Can We Stay HIPAA Compliant in a Digital World
The Health Insurance Portability and Accountability Act (HIPAA) is often referred to when discussing medical records. A health professional in your life may have even told you something along the lines of, “I can’t tell you about my horrible day honey, because HIPAA.” Before the normalization of our cellular devices being glued to our sides, HIPAA was probably easier to comply with. All one had to do was keep their work to themselves.
Today, however, we live in a digital world. One full of daily selfies, hackers, high-tech office equipment and people with sometimes questionable discretion.
With the technological advances available at many medical facilities, records are more easily searchable than ever. This can bring personal information quickly to the searcher. The quicker the information is delivered to the medical staff, the better for the patient. However, if the searcher is a nurse who wants to peek at her husbands medical records, she won’t be able to un-see his recent STD screening results.
With all of a patient’s ultra-personal information floating around in cyberspace, providers must be very careful when choosing an entity to protect their data. However, we have seen “hacking groups” crack into large banks, government data, and even high profile infidelity sites who pride themselves on secrecy. With the discord abundant over medical costs, imagining them targeting something like healthcare data wouldn’t be too much of a stretch. More about modern technologies can be found out at: http://www.medtunnel.com/.
Occasionally, there are even some medical professionals who cross the technological line. Recently a few doctors made headlines for seemingly adolescent behavior such as: taking questionable selfies with their unconscious patients. Some have suffered legal repercussions and some have even lost their jobs.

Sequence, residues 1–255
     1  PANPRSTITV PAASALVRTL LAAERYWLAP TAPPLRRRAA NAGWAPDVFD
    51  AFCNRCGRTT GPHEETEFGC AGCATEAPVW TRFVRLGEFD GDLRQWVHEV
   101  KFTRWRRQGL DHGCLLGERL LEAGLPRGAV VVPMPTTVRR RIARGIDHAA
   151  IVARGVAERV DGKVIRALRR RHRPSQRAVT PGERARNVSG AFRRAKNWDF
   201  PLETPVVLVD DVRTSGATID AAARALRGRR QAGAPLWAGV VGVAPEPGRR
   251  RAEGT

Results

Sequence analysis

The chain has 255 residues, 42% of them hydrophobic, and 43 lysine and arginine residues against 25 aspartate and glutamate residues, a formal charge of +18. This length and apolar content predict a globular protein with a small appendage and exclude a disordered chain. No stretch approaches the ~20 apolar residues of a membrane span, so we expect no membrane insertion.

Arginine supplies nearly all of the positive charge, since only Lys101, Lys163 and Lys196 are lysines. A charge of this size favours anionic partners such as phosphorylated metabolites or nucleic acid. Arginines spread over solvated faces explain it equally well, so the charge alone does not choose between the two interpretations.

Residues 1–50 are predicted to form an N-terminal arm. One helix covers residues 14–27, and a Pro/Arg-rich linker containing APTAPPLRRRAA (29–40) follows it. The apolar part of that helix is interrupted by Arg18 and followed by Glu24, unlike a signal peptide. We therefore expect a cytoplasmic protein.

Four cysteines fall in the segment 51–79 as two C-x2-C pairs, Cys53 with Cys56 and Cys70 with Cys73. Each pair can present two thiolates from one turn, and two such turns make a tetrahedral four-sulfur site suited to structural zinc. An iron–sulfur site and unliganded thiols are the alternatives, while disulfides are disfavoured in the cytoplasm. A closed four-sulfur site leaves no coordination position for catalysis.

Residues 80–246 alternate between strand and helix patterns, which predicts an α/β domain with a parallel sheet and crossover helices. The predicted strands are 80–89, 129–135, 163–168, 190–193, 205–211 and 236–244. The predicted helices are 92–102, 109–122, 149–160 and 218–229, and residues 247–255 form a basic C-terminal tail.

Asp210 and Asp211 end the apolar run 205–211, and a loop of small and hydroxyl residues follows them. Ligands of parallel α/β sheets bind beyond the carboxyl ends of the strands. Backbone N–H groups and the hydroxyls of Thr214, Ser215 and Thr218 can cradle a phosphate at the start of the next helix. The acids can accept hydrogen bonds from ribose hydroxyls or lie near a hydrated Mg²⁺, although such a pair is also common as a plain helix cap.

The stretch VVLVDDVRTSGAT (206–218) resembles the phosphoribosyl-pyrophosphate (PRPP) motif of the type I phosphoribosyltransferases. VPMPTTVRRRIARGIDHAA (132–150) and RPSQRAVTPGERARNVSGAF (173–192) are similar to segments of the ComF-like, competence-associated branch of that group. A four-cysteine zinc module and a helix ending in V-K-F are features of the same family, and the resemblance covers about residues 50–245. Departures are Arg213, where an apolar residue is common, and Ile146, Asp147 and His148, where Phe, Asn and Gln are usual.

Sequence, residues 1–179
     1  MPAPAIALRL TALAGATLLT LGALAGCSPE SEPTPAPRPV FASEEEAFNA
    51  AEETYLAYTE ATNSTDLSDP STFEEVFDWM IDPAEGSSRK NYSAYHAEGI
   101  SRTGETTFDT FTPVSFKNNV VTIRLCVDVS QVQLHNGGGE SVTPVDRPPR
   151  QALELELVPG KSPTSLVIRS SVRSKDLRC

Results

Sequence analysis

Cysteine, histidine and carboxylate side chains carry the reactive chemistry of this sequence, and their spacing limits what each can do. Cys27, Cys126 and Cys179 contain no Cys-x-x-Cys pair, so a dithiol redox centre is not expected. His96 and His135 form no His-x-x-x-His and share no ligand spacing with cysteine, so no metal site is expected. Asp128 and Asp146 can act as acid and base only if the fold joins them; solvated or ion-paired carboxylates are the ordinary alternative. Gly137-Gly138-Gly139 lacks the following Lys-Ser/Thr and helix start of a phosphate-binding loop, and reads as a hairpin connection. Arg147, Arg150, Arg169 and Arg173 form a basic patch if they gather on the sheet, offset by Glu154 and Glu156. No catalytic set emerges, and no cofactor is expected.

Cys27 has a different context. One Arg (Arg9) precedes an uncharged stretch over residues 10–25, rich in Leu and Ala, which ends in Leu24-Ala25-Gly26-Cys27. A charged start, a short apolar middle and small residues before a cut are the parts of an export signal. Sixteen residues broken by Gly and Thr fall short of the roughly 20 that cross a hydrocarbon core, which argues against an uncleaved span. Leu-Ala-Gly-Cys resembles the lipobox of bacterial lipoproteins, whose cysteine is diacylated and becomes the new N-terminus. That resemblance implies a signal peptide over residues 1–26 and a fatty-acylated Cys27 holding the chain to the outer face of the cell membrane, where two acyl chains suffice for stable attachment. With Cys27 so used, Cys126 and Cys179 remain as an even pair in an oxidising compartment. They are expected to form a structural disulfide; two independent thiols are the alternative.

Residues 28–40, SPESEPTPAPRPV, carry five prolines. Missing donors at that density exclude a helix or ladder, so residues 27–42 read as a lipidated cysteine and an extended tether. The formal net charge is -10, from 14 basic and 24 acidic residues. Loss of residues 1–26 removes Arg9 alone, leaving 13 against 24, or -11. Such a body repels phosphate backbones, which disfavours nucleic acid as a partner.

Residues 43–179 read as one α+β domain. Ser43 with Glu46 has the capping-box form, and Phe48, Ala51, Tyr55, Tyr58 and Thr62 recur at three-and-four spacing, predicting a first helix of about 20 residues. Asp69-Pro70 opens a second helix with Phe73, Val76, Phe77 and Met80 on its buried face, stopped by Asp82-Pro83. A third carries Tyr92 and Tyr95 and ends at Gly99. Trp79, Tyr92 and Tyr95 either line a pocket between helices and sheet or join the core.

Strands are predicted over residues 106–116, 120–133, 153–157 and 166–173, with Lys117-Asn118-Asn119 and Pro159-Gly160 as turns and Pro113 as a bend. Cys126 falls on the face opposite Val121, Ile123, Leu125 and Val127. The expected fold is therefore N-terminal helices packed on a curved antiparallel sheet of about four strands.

While there are numerous benefits of having such a plethora of information and storage at our fingertips, the vastness of the web makes it unimaginable to seek out and rectify a digital wrong. Once information is released, it is impossible to un-do the damage. Pictures, credit card data, health records, and so much more can all be used in some way to harm an individual. And the audience stretches world wide. Data leaks can financially, physically and emotionally destroy people. Despite the fact that laws are in place forbidding certain types of discrimination, the harsh reality is many people can and would still be fired and socially rejected if their medical history were ever released.
With economic regression and rising costs in many areas, many providers will need to evaluate how important securing their data is to their company and their patients. Securing data, discretionary training, security implementations for personal devices, and additional measures are all going to cost a great deal. The question is, will those in charge put forth the time, money and effort necessary to support this ever growing challenge?